Fifth Sunday after Pentecost

“Access” has become a key phrase in our technological age.

June 15, 2008

Second Reading
View Bible Text

Commentary on Romans 5:1-8

“Access” has become a key phrase in our technological age.

At the door of the seminary where I work we try to remember the “access” code. At the computer we turn the noun into a verb: “I need to access that file.” When I am at home trying to retrieve messages from my workplace e-mail account and my finger or my memory slips as I try to type in my password, the screen goes blank except for the sad judgment: “Access denied.” Many of us have different passwords for our e-mail accounts, our banking, our travel service and the on-line vendors from whom we order books, CDs and fresh fruit. I write a carefully coded list in the back of my date book of all the passwords I am apt to need and only hope that I do not lose the date book.

Paul wrote for a world in which people were desperately trying to find the passwords that would give them access to God. Some thought that careful obedience to the law of Moses was the key. Others thought that civic virtue was the key. Still others tried to placate God by the breadth of their philosophical knowledge.

Paul’s astonishing claim is that there is only one password we need to remember: Jesus Christ and that in Jesus Christ everyone has access to grace. And suddenly the entire picture is reversed. It is not that we are striving to reach God, it is that God is striving to reach us–grace. It is not that we use Jesus to attain God’s mercy, it is that God sends Jesus to enact the mercy that God has intended from the beginning of time.

Grace, however, is not only the activity of God in Jesus Christ that reaches out to include everyone (in Paul’s case, especially both Jews and Gentiles.) Grace is also our dwelling place “This grace in which we stand.” God’s goodness to us surrounds us and upholds us and defines who we are. Our lives are shaped by the gift we can never achieve but can only receive.

And Paul tells us what the life looks like that is grounded in grace. It is not usually marked by earthly success and most certainly not blessed by earthly prosperity. Far more often it is marked by suffering. It is, after all, a Christ-shaped life that lives in grace. But the suffering bears its own fruits, or better, grace bears fruit through the suffering. The litany of the gifts of grace is a kind of sketch of moral and spiritual development for the person grounded in the grace of God. Start with suffering and move to endurance; from endurance comes character, and character produces hope. Ethicists are much committed to helping us think about “character” ethics these days. Paul would say that we can be pretty sure someone has character right if she lives in hope.

Then note what the source and the instrument of this hope is.

Love produces hope. We all know that that is true existentially. The child who lives in hope is a child who has been surrounded by love. I heard William Sloane Coffin, Jr. say that the opposite of love is not hate, it is fear. The consequence of that is clear: the product of love is hope. Paul will say in 1 Corinthians 13 that the three great gifts of God’s spirit are faith, hope, and love. In Romans 4-5 the three gifts are inseparable from one another and from God’s spirit.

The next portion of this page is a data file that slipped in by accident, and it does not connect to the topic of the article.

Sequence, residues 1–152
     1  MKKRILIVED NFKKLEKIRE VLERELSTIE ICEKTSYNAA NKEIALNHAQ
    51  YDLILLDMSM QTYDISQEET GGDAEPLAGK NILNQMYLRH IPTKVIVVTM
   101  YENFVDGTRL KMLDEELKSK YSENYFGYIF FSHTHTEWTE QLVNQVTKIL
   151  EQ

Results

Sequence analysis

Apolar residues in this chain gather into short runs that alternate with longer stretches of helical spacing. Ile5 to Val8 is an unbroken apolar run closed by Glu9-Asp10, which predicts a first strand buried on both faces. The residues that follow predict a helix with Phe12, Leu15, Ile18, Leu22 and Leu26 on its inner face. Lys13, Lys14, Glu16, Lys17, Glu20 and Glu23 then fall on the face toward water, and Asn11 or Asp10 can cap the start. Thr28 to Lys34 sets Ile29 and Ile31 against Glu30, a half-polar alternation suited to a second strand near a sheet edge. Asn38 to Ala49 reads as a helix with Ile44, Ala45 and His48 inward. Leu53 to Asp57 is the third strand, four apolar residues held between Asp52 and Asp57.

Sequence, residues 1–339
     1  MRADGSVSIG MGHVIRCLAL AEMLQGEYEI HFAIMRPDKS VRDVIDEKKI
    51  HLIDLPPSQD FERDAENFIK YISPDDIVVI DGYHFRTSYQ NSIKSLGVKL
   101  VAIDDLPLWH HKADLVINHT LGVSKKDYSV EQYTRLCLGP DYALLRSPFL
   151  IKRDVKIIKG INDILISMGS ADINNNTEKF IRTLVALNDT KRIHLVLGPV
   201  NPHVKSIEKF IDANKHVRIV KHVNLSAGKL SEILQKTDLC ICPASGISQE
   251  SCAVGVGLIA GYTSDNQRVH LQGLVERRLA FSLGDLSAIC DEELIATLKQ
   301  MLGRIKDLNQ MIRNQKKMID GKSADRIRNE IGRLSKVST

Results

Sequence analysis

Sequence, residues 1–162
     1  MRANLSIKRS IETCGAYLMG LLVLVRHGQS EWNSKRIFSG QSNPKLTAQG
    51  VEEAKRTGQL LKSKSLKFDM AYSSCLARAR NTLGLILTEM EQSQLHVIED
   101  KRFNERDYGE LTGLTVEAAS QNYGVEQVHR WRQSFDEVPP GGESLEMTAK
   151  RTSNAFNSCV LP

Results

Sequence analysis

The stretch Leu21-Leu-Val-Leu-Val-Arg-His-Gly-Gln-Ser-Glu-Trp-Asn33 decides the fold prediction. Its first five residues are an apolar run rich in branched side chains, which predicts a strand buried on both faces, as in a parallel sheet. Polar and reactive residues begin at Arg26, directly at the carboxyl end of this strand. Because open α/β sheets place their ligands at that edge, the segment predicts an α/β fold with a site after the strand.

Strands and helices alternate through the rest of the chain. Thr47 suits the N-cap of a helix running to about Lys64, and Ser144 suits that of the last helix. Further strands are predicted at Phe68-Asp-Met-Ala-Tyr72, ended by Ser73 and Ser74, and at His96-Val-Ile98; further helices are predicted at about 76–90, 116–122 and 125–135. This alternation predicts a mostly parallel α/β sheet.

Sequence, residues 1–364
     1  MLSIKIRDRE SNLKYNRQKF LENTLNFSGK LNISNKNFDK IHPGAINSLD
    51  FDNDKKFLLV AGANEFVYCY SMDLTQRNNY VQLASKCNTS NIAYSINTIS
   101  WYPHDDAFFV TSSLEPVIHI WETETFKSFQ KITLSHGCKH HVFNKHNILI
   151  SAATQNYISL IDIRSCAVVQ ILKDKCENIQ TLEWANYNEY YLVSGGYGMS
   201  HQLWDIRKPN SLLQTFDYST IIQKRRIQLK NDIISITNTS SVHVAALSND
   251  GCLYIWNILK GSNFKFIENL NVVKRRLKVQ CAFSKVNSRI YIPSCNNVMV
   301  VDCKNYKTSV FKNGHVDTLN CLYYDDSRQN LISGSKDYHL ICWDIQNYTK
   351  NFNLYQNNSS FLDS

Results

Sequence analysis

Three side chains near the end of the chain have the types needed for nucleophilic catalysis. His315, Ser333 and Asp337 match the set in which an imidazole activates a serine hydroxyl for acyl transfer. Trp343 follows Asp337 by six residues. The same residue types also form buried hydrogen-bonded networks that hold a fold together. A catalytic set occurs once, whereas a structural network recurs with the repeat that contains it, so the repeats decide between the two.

The love to which Paul points–as he has already made clear–is not simply human love. It is God’s love shown in Jesus Christ. The verse about the distinction between dying for a righteous person and dying for a good person in vs. 7 has puzzled many scholars with good reason. But all that is the preface to the main point: that Christ has died–not for the righteous and not for the good, but for the ungodly. That is good news because most of us know perfectly well that the category of the ungodly includes us.

Now it is even clearer than when we began. What counts is not so much our access to God as God’s access to us. It is not that we reach longingly toward heaven but that heaven reaches out longingly to us. It is not that we are good enough or wise enough or obedient enough to gain God; it is that God has gained us for Godself.

John Buchanan, the former congressman from Alabama, told of how he first began to understand the Christian story. He was serving on the front in the Second World War. He and a group of his fellow soldiers were advancing when the enemy lobbed a grenade into their midst. Instantly one of Buchanan’s fellow soldiers fell on the grenade, absorbed the explosion and gave up his life for his friends.

We struggle to come up with a doctrine of the atonement, and all the classical solutions seem fall short. Paul was blessed by a richly unsystematic mind. His language about what Jesus does shifts from verb to verb: Christ saves; Christ justifies; Christ reconciles. His description of what Christ does shifts from metaphor to metaphor: an obedient second Adam undoes the disobedience of the first. A sinless man is made to be sin. A godly Messiah dies for ungodly people.

The claim outreaches all our metaphors. The name embraces all our weaknesses: Jesus Christ, access to God’s grace; where we stand.